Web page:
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I have an internet connection in my office that goes through a firewall.

It is very slow.

I setup my PC to connect via a tether from my mobile phone. The pc now shows two connections.

How does the computer utilize two connections?

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It's really not clear what you're asking. Are you asking what is already happening? Or are you asking how to make something specific happen? – David Schwartz Jul 23 '12 at 2:52
@DavidSchwartz I don't see any confusing sentence. Maybe you are thinking too much? – lamwaiman1988 Jul 23 '12 at 3:09
It's not clear whether you're asking what happens if you don't configure anything or whether you're asking how to configure it. – David Schwartz Jul 23 '12 at 3:26
I've already done the configuration. I am just asking of how the computer use 2 connection at the same time. It's really clear. – lamwaiman1988 Jul 23 '12 at 3:32
good question indeed.. – tumchaaditya Jul 23 '12 at 8:55
up vote 6 down vote accepted

Access to networks that are not directly connected to you are governed by the routing table of your PC.

"Not directly connected" includes every internet based IP address, and you access these via the default route.

When you have two connections that are both allocated an IP address when connected, a default route is also allocated. This means that when you have two connections you will have two default routes. So any packet can take either path. This can lead to issues where different packets from the same session take different routes and so appear to come from different public addresses.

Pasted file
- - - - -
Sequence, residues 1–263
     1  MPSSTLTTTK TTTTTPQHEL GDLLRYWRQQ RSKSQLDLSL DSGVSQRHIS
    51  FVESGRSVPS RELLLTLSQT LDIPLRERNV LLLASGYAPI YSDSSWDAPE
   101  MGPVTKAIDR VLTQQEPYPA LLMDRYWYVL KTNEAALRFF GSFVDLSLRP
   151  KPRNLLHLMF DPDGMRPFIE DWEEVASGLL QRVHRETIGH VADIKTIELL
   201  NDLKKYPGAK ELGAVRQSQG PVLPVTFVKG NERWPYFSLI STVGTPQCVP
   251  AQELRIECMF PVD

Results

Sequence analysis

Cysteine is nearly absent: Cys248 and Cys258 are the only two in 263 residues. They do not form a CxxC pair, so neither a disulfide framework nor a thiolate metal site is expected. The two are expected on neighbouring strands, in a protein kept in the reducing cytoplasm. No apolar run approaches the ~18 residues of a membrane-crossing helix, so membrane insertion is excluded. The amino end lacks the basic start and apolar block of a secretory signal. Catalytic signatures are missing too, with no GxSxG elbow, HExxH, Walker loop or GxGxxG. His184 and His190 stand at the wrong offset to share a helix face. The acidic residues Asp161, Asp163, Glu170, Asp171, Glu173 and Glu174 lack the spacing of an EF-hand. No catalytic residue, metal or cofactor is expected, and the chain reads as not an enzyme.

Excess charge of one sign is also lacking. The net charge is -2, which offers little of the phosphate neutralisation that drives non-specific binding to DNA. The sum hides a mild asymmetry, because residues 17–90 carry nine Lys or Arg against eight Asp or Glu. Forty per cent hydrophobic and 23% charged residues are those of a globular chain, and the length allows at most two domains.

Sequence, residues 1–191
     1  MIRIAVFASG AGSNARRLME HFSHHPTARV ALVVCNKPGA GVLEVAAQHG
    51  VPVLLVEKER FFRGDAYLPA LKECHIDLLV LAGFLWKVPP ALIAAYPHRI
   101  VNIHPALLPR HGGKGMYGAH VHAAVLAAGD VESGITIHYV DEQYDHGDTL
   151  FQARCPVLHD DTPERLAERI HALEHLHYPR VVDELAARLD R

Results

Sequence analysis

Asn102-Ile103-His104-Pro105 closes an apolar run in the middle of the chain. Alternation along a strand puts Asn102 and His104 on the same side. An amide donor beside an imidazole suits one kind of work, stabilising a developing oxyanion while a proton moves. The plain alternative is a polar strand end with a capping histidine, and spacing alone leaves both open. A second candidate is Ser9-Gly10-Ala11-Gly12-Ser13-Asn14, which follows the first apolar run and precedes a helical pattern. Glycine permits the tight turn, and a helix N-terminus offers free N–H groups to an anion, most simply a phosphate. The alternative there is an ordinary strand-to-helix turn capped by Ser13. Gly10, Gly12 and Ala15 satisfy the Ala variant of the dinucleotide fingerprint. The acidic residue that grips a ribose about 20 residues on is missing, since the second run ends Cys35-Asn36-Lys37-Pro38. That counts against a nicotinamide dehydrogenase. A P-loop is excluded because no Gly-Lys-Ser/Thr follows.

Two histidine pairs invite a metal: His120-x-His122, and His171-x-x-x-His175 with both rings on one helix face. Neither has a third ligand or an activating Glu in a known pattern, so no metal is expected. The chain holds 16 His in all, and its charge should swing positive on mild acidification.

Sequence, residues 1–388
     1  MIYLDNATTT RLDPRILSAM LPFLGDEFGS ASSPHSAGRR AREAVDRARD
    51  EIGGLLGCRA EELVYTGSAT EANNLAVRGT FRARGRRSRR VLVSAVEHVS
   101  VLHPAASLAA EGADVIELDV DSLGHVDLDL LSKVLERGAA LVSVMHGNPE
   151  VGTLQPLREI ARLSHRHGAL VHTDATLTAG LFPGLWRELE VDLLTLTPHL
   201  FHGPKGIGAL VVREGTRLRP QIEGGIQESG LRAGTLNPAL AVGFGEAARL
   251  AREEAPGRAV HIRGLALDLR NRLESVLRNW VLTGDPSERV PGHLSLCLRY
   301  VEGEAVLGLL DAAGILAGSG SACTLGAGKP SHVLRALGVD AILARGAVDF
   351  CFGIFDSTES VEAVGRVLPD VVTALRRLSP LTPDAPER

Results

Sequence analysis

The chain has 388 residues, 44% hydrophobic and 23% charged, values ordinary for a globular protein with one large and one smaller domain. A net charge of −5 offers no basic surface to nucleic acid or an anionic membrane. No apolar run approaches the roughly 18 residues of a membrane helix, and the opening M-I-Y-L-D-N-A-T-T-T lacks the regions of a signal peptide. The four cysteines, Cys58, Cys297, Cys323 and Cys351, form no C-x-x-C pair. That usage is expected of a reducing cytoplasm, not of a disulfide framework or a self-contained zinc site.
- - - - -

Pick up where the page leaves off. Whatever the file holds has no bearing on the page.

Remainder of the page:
In reality, what usually happens is that the OS will use some smarts and give one of these routes a higher metric, indicating it is a preferred route - so all packets take the same path. This can be based on the connectivity speed for example. So if you have a gigabit LAN connection, and a dial-up 3G connection, then some OSes will prefer the faster connection. Or it may simply be that the connection established second will be preferred.

You can control this by modifying the routing table, and forcing packets to take a particular path by removing one of the default routes, or adding in more specific routes to cause certain traffic flows to use a particular connection.

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